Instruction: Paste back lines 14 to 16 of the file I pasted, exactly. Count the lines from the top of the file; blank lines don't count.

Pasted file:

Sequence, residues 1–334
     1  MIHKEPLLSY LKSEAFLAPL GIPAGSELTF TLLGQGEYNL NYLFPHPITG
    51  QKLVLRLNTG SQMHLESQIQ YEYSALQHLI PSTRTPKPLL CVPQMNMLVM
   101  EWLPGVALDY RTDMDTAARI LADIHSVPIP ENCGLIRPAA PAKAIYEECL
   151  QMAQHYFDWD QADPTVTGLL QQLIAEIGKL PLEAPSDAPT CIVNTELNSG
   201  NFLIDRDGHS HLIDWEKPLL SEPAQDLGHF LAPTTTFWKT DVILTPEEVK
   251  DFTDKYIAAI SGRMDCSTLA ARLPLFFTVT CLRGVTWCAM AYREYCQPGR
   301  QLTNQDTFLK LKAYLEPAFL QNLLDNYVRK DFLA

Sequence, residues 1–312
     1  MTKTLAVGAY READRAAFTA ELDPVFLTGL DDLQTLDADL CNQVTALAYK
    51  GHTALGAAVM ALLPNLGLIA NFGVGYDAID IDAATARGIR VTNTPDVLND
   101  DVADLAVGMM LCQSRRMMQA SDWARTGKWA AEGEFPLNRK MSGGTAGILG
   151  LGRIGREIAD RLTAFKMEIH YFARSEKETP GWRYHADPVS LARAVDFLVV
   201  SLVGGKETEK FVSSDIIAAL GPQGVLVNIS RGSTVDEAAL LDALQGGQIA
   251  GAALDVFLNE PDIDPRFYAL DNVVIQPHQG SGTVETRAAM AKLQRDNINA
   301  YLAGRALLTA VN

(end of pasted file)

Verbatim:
   201  SLVGGKETEK FVSSDIIAAL GPQGVLVNIS RGSTVDEAAL LDALQGGQIA
   251  GAALDVFLNE PDIDPRFYAL DNVVIQPHQG SGTVETRAAM AKLQRDNINA
   301  YLAGRALLTA VN